“Fortunately, Matt’s unique past provides insight. “My experience helps me understand that world. I know how desperate you can feel; how you don’t see any way out.”

Through Matt’s role, he has helped many young men find jobs, housing, a connection to a supportive community and help on their faith journey.

“As part of the family of God, I believe I have a responsibility to walk with those who are hurting, alone, and left to fend for themselves,” he says. “I do not claim to have answers to their pain, but I agree to walk with them for the long haul.”

Support YU with Healthy, Sustainable Food!

Youth Unlimited is partnering with SPUD to help us reach our fundraising goals. You can help us by ordering a box (or 10!) of local, organic produce, delivered straight to your door! 25% of that goes to YU.

Here’s how it works:

1. Create an account at SPUD.ca    

2. Choose organic produce boxes you want to order and add them to your cart. The boxes are listed on the SPUD Fundraising page under the Home tab. Or enter www.spud.ca/fundraising 

3. At checkout, enter the promo code FUNDRAISING and select Youth Unlimited from the drop-down menu. 

4. Complete your order. Your order will be delivered to your home or office.     

5. 25% is donated to Youth Unlimited’s work with vulnerable youth!    

Eating local, healthy and organic now tastes EVEN better!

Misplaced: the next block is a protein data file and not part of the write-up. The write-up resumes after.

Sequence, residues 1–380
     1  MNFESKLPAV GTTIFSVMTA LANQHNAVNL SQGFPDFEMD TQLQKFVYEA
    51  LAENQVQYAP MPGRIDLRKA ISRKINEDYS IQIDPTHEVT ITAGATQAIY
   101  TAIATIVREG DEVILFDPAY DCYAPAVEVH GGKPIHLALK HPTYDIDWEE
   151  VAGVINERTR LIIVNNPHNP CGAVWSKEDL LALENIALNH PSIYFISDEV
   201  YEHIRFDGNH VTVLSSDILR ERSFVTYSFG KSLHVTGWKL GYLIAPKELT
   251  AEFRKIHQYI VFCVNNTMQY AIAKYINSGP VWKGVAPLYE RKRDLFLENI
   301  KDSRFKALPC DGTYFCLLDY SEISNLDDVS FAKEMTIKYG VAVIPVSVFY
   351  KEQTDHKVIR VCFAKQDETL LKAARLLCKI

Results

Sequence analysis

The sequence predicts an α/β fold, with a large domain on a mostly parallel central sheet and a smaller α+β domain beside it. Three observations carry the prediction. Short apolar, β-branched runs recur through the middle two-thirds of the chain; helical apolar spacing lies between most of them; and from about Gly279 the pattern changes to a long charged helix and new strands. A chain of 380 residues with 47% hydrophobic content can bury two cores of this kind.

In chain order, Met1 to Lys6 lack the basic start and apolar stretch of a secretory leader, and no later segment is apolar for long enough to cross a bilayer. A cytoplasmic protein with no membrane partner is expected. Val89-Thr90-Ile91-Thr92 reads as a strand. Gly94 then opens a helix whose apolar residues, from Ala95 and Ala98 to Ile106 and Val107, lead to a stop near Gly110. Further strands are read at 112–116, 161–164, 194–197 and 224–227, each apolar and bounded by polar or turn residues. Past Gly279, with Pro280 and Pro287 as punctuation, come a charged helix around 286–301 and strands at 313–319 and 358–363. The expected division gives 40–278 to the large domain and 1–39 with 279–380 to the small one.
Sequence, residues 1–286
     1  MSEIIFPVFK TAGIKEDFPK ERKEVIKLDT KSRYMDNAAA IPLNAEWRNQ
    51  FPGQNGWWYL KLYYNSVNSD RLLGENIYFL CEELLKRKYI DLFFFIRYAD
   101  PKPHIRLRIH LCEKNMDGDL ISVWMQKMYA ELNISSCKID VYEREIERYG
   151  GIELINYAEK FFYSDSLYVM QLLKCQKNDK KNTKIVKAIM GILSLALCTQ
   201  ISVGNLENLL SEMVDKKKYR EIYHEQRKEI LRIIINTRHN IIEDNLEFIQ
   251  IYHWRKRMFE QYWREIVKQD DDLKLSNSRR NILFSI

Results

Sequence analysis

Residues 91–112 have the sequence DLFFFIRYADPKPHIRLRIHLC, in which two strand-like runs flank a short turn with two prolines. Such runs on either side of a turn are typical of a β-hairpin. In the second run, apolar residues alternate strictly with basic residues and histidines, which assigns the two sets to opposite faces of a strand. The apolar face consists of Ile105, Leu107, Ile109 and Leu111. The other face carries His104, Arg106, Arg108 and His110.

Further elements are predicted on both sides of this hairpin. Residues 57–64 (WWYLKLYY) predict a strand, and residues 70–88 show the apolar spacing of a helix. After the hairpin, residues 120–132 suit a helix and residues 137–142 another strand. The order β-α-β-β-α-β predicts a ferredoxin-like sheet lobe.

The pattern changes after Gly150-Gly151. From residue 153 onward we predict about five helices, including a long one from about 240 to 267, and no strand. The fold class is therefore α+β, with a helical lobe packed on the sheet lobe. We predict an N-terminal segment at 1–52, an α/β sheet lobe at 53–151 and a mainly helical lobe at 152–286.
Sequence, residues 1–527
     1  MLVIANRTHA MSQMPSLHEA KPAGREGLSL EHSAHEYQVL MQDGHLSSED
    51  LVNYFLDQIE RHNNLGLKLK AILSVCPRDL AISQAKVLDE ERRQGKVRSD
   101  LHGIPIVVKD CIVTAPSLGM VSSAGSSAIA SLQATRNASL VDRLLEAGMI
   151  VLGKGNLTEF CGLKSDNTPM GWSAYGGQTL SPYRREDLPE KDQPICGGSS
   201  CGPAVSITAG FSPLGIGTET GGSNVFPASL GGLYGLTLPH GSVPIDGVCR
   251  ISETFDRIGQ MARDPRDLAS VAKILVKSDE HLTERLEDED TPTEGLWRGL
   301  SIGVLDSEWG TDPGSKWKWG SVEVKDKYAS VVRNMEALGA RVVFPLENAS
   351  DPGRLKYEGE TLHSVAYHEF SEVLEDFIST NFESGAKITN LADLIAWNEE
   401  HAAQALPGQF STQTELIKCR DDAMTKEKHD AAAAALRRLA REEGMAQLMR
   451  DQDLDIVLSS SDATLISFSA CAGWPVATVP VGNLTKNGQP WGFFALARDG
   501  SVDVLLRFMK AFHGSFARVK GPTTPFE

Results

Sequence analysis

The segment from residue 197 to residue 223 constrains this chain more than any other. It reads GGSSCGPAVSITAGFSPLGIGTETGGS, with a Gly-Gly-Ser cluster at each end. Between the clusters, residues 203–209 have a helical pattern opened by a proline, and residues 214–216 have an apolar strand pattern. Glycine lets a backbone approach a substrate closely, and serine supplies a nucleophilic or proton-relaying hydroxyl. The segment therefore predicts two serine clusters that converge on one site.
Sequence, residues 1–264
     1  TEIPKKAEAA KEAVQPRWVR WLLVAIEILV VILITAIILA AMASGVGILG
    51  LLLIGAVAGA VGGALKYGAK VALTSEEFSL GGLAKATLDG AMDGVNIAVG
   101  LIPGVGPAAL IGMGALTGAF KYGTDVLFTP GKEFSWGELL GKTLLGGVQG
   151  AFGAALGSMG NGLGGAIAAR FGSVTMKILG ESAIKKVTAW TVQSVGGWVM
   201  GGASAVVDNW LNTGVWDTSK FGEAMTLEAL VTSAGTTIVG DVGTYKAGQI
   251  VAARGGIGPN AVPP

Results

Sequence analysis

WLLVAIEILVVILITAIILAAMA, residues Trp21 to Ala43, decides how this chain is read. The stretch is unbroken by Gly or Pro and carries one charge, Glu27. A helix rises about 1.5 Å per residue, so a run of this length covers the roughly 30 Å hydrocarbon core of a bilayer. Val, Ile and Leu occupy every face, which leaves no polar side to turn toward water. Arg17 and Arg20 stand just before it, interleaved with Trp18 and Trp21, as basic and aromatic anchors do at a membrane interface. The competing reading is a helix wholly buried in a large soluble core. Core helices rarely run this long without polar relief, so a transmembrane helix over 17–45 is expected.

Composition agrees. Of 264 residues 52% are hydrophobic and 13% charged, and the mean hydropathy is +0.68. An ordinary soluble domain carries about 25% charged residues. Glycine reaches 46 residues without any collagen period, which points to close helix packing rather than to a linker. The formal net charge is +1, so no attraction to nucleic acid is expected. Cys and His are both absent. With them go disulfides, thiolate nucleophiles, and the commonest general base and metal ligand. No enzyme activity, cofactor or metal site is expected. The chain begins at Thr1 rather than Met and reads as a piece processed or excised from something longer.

Art Auction at the Sky Hanger

Join Youth Unlimited at a semi-formal art action featuring creations made by YU teens. Funds raised support the Creative Life program in East Vancouver.

Friday, September 16
7PM — 10PM
18799 Airport Way #170, Pitt Meadows   map

If I had to pick a hero, someone who faced huge obstacles in their life but found a way to overcome them, I would choose my wife Sherri. To this, some would say, “aww, how sweet,” and others would say, “aww, how predictable”; I honestly don’t care, because it’s true.

Sherri was abandoned by her birth mother, a source of much emotional, mental and physical pain. Dealing with the pain of abandonment was a difficult road to navigate and in her teens she began struggling with anxiety and depression. As her husband, I have been walking with her for over 20 years, seeing her face this pain head on, determined to live a fulfilling life.

While I am prone to hide my pain, Sherri courageously shares hers. I have watched in amazement as Sherri has shared her story with others struggling in similar ways. Whether showing them where to get help, or offering friendship and a listening ear, I have seen the beauty in the shared experience.

In this month’s Connections you will meet one of our Youth Unlimited staff, Matt Bergen, another hero who isn’t simply overcoming the pain in his story, he’s using it every day to help some of the most vulnerable youth in our society.

Matt courageously shares his story in a way that is helping to transform the lives of incarcerated youth. Matt believes in the words Paul wrote in the Bible:

“We can be so sure that every detail in our lives of love for God is worked into something good.” (Romans 8:28)

Over the years, I have learned it is always God’s desire for us to go and share our stories, whether we want to or not. God never wastes our pain—only we do that. God is an expert at bringing good out of bad.

Because of you, we can share our stories with kids who desperately need to know that as painful as their stories are, they too can experience God working it into something good. Because of your investment, you too, are a hero like Sherri and Matt and we can’t say “thank you” enough.

With Gratitude,


Mark Koop
Executive Director